Technical Writing Comic Strips - Page 2
236 Results for Technical Writing
View 11 - 20 results for technical writing comic strips. Discover the best "Technical Writing" comics from Dilbert.com.
Share August 25, 2017's comic on:
Boss: You need to edit the product warning from seven hundred pages down to one. Tina: Oh, that's rich. I'ma professional technical writer, and you're telling me how to write? Boss: Can you cut it down to 500 pages? Tina: Sure, if you want it to be total rubbish.
Share July 21, 2011's comic on:
Share September 09, 2011's comic on:
Dilbert: Did you read my technical recommendation? Boss: No. It's too long and complicated. Dilbert: How do you plan to make a decision without reading it? Boss: I'll use my gut. Dilbert: It's probably a good idea to keep your brain out of this. Boss: Quiet! It's saying something. Noise: GROWL.
Share September 13, 2011's comic on:
Share September 14, 2011's comic on:
Boss: You didn't answer my email. Dilbert: I tried to read it but the signal-to-noise ratio was too low. Boss: So it's sort of a technical problem? Dilbert: Okay.
Share November 11, 2011's comic on:
Boss: Stop right there. Don't tell me the technical details of your idea. I make my decisions based on what I know about the people involved. Dilbert: You know less about me than you know about my idea. Boss: Is your idea pale and poorly dressed?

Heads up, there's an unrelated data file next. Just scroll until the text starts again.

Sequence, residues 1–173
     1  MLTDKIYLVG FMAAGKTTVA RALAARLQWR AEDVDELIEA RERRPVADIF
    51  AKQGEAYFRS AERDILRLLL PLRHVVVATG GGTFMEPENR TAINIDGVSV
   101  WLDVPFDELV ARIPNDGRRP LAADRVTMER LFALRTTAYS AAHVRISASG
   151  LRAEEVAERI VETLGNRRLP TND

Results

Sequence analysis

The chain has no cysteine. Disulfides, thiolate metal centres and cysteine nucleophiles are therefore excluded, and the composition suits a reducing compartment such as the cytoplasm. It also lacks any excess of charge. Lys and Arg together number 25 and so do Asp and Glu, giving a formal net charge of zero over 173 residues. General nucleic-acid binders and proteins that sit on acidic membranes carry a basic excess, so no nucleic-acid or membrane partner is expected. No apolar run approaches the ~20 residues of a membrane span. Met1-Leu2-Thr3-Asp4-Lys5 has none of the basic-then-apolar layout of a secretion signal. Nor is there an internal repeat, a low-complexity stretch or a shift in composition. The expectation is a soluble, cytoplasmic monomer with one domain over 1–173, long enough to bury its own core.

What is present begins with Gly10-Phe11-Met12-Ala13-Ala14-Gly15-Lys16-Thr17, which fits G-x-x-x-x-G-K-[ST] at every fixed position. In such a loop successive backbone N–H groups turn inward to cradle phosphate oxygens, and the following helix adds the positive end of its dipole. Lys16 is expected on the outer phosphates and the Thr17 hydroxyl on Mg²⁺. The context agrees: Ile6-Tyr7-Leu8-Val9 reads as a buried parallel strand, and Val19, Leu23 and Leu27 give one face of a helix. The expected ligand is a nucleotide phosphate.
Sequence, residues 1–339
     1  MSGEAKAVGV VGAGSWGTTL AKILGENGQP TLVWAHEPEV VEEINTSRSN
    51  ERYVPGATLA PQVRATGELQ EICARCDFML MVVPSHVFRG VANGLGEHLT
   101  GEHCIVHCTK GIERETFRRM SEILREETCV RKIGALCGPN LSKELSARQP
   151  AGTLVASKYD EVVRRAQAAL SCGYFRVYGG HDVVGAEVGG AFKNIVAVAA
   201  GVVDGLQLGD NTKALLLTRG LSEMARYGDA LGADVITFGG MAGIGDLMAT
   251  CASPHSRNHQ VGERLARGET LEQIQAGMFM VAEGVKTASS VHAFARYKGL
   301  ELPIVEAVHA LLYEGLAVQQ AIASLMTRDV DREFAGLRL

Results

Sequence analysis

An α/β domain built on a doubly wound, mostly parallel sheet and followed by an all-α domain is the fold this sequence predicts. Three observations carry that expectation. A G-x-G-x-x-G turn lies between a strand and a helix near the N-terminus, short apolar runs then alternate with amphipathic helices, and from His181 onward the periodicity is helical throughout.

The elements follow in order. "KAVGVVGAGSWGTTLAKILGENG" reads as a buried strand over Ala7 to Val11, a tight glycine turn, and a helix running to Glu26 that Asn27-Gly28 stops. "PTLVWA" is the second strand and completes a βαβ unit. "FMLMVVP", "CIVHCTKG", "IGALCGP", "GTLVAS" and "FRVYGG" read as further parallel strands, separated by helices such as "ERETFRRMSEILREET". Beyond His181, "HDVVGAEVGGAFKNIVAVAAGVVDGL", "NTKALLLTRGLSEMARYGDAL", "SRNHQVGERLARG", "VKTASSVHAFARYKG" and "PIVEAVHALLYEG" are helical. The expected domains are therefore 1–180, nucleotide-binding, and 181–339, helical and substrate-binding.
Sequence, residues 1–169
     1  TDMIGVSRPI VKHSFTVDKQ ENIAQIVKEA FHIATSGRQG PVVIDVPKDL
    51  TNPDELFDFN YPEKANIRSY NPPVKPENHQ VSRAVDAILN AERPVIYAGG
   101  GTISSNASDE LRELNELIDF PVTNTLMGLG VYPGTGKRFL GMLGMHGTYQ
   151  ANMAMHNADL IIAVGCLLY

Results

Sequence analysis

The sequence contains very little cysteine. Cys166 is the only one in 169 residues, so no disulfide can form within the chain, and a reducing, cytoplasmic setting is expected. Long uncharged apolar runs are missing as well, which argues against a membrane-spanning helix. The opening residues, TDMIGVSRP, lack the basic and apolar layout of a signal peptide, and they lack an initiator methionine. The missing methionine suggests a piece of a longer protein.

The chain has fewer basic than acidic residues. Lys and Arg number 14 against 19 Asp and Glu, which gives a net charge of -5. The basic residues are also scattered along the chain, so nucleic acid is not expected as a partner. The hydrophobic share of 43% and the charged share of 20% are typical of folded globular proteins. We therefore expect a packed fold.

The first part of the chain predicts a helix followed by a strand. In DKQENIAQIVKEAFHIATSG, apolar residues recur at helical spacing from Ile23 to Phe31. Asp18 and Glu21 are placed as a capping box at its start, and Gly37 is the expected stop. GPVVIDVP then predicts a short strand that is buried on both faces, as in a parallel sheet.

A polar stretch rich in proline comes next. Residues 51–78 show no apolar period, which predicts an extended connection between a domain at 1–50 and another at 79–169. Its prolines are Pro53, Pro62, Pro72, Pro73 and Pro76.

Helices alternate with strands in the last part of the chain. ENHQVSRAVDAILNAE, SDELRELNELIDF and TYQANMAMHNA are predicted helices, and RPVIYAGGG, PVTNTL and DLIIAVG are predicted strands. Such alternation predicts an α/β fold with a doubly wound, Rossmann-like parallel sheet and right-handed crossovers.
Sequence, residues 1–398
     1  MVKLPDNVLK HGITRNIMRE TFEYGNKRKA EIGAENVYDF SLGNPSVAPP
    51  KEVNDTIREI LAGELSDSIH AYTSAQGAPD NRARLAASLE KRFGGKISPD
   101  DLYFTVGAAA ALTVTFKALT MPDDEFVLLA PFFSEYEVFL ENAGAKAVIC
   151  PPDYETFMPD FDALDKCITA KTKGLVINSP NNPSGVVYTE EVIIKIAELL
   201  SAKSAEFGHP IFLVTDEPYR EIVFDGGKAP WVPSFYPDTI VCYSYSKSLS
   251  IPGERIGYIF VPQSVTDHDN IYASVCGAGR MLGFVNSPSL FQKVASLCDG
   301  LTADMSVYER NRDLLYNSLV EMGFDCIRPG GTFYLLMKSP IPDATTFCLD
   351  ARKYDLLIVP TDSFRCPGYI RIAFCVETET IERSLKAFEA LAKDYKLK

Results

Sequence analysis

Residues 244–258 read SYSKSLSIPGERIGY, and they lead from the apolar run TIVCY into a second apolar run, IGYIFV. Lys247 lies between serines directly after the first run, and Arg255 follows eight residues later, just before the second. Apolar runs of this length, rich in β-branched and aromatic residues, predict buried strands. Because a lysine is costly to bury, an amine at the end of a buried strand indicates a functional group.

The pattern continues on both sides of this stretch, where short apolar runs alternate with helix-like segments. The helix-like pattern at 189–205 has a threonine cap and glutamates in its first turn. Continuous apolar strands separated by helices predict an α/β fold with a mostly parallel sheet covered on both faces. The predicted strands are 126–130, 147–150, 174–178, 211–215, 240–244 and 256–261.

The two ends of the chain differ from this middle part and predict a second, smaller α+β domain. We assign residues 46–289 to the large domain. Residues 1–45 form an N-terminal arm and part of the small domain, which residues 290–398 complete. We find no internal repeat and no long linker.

Share May 09, 1989's comic on:
Dogbert stands on a desk chair typing. He says to Dilbert, "I'm writing my first business management book, 'Managing in a Bureaucracy.'" Dilbert reads a draft, "You know you're in a bureaucracy when a hundred people who think 'A' get together and compromise on 'B.'" Dilbert asks, "Think anybody will read it?" Dogbert replies, "It doesn't matter. The real money is on the lecture circuit."
Share October 18, 1989's comic on:
Dilbert sits at a desk writing a letter. Dogbert asks, "Who are you writing to?" Dilbert replies, "My uncle Max, the policeman." Dogbert says, "You can't write to a cop on regular size paper! You have to use legal size paper!" Dilbert says, "Don't panic." Dogbert says, "I get it -- he looks the other way for family members." Dilbert says as he puts money in the envelope, "I send a bribe."
Share November 14, 1989's comic on:
Dogbert stands at a desk writing on a piece of paper. Dilbert asks, "What's all the writing for?" Dogbert replies, "It's called 'affirmations.'" Dogbert explains, "The theory is that if you write down your objective fifteen times a day, the objective will be achieved, no matter how unlikely." Dilbert reads the affirmation and says, "But you've written 'Dilbert will be eaten by a garden slug.'" Dogbert replies, "It's all I could think of."
Share November 15, 1989's comic on:
The caption says, "Dogbert continues his reckless experiment with the powerful force of 'affirmations.'" Dilbert watches Dogbert write on a piece of paper and asks, ". . . What if this actually works?" Dilbert asks, "Can you really cause me to be eaten by a garden slug just by writing it down over and over?" Dilbert continues, "What am I saying? Logically, there's no way this could work." Dogbert says, "Don't get too far from salt."